What is Fat Transfer?

Fat Transfer by Nutational Infrasonsice Liposculpure (N.I.L.) is a simple, fast, gentle, and low cost fat harvesting/transfer method, which yields quality reinjectable adipose tissue with high potency of adipose derived regenerative cells (ADRC’s).

The low frequency “non heat” INFRASONIC vibration enables the removal of body fat while protecting the surrounding tissues, resulting in smooth contour and a rapid recovery. This process is a proven, reliable system that safely enables precise, high volume de-bulking in all body areas. The NUTATIONAL pattern offers notable benefits, especially in the areas of fibrosis (secondary liposuction, backs, and in males).

Infrasonic vibration during the infiltration and operative fat emulsification creates many benefits. Vibration interferes with the conduction of painful stimuli by activating nerves that do not transmit pain signals. This advantage allows physicians to perform the liposuction procedure under local or IV sedation with the likelihood of increased patient comfort.

Clinical Results

Clinical studies have shown N.I.L. yields

  • "Superior" volume of adipose derived regenerative cells (ADRC’s) compared to standard liposuction1
  • Twice the volume of ADRC’s and three times the volume of mesenchymal cells2
  • Highly viable cells1 2

1Baptista, et al., An alternative method for the isolation of mesenchymal stromal cells derived from lipoaspirate samples, Cytotherapy (2009) Vol. II, No. 6, 706-715.
2 Angeloni, Nutational Infrasonic Liposculpture (NIL) Adipose Derive Regenerative Cell Concentration and Viability Study Summary, non-published November 2011.


The Technology

N.I.L. uses compressed air in order to drive the tip of the cannula into a 3-dimensional precession movement called the nutation.

Infrasound (low frequency: lower than 20hz) isgenerated by the nutational mode of action. This “nutational infrasonic effect” produced during N.I.L. is believed to be the key to causing the in vivo dissociation of large numbers of regenerative cells from connective tissues and resident vasculature.

Finally, gentle suction removes the lipoaspirate, which includes small fat clusters and a large population of free floating a ARC’s in mixture of tumescent fluid.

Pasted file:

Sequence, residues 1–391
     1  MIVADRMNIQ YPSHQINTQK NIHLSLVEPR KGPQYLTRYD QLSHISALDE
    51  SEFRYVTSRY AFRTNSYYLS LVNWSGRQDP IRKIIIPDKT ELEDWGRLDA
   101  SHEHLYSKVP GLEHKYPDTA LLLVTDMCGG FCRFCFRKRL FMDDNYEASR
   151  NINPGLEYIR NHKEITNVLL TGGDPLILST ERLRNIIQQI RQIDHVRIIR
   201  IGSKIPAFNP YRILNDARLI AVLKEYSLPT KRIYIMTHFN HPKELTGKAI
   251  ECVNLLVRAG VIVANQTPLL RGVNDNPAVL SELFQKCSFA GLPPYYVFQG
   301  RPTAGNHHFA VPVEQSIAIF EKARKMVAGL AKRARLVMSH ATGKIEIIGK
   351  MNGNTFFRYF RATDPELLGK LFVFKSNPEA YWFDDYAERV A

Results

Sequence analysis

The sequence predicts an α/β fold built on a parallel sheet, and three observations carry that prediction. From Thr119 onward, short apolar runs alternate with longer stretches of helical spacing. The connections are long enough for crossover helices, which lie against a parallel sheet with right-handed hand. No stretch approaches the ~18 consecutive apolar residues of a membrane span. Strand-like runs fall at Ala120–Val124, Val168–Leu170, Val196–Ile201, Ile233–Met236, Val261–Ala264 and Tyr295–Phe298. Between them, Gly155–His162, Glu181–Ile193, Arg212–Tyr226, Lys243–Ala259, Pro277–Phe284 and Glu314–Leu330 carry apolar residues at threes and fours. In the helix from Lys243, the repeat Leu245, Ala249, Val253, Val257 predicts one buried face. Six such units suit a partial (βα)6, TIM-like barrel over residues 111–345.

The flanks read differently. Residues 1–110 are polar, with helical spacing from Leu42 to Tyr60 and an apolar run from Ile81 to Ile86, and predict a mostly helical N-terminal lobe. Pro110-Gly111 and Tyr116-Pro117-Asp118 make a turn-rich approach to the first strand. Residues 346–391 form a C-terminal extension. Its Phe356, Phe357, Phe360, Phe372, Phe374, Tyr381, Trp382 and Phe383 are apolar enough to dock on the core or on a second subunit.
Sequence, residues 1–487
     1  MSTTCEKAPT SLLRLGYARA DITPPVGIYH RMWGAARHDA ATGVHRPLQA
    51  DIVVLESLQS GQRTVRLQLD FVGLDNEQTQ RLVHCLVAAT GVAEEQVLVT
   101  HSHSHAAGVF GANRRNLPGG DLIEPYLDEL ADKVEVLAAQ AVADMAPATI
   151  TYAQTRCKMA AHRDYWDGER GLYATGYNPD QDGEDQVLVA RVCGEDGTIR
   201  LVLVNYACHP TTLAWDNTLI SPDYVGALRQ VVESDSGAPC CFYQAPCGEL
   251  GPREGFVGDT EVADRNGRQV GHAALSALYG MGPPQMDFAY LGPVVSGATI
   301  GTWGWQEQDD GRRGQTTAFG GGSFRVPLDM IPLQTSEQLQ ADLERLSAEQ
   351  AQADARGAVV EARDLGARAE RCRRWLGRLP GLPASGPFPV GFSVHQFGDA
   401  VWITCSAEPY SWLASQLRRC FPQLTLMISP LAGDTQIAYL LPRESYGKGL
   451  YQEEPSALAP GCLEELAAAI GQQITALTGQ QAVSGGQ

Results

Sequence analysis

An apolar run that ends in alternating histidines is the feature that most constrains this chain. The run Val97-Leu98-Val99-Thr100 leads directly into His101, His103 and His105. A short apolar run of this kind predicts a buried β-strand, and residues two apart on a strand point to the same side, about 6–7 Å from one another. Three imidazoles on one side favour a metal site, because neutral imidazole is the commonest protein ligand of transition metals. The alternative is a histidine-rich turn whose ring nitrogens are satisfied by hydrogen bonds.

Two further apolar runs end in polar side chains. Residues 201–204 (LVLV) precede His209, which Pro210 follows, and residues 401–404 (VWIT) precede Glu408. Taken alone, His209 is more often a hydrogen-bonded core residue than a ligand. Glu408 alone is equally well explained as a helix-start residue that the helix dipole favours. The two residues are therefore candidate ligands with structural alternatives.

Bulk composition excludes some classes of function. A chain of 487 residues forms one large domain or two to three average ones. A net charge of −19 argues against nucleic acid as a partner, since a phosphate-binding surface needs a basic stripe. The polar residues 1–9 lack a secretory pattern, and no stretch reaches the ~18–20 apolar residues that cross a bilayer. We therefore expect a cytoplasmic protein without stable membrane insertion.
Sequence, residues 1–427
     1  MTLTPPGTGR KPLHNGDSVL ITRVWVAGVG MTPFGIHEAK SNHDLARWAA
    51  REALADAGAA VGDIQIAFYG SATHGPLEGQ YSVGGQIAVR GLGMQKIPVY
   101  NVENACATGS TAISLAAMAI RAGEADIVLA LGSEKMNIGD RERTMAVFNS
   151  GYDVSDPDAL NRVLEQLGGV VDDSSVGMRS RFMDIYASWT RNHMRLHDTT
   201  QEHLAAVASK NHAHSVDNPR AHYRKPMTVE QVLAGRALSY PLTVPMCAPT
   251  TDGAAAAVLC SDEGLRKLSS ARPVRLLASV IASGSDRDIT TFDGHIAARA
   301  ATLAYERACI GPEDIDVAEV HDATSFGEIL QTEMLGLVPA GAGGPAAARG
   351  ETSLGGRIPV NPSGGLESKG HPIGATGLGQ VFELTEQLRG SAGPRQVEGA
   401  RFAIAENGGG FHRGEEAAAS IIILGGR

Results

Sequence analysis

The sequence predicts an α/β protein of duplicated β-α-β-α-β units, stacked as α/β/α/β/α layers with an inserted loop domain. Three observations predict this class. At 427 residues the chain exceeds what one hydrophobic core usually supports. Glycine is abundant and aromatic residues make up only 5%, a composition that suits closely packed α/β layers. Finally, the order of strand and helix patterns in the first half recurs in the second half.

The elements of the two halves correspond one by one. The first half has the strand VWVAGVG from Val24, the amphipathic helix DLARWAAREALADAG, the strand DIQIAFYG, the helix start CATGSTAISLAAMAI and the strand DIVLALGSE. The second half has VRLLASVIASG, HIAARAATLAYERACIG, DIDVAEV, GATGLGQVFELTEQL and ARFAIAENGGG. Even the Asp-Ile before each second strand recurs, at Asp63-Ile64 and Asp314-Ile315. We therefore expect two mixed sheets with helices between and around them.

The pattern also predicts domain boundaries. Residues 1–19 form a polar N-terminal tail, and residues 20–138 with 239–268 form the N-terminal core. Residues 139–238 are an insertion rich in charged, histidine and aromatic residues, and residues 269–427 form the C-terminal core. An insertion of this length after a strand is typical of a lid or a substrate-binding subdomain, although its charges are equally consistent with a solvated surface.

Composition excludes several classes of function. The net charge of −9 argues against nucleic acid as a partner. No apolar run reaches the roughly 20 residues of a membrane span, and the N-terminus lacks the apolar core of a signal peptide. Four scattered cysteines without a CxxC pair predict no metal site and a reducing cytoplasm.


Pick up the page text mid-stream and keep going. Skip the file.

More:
The Process

The Fat Transfer protocol suggests the use of a special harvesting cannula (patent pending), which gently removes small adipose cell clusters, which have been loosened inside the body via the patented "nutational infrasonic effect" produced by the N.I.L. system.

Fat, which is rich in regenerative cells, is collected into a sterile decanting container. After a brief settling period, excess tumescent fluid is drained, then remaining fat cells are drawn into re-injection syringes for immediate autologous transplantation.

The result is high quality, viable fat for use in natural breast augmentations, Brazilian butt lifts, and transfer to hands and face.

Recent studies have shown that decanting is preferable to centrifugation for fat survivability. Centrifugation tends to damage fragile cells and has also been shown to deplete the separated fat of beneficial ADRC’s1. The Fat Transfer protocol suggests that sterile decantation will preserve the integrity of fat cells and retain the rich volume of free-floating ADRC's.

1Conde-Green, Influence of decantation, washing and centrifugation on adipocyte and mesenchymal stem cell content of aspirated adipose tissue: A comparative study. Journal of Plastic, Reconstructive & Aesthetic Surgery, Vol 63, No. 8, 1375-1381 (Aug 2010)


Stem Cell Content Influences Outcome

Studies have shown that a high population of ADRC’s present within transplanted fat cells will increase survival rates and volume retention, due to enhanced angiogenesis and adipose cell replacement.1

The high yield of ADRC’s resulting from the in vivo dissociation of regenerative cells makes fat harvested using the Fat Transfer protocol an ideal re-injectable material for achieving predictable outcomes.

1Yoshimura, et. al, Cell-assisted lipotransfer for cosmetic breast augmentation: Supportive use of adipose-derived stem/stromal cells. Aesthetic Plastic Surgery (2008) 32:48-55



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